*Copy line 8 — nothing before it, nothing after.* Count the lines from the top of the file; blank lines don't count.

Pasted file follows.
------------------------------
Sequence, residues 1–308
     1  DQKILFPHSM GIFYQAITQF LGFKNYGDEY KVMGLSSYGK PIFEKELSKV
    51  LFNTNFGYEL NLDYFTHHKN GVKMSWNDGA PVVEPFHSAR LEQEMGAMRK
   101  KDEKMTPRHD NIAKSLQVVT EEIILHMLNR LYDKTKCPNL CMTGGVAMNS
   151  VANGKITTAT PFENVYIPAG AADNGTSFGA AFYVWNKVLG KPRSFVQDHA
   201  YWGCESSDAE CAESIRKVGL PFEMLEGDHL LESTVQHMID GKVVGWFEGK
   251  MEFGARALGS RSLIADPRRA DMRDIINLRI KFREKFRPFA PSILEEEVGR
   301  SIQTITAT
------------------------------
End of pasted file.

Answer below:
   301  SIQTITAT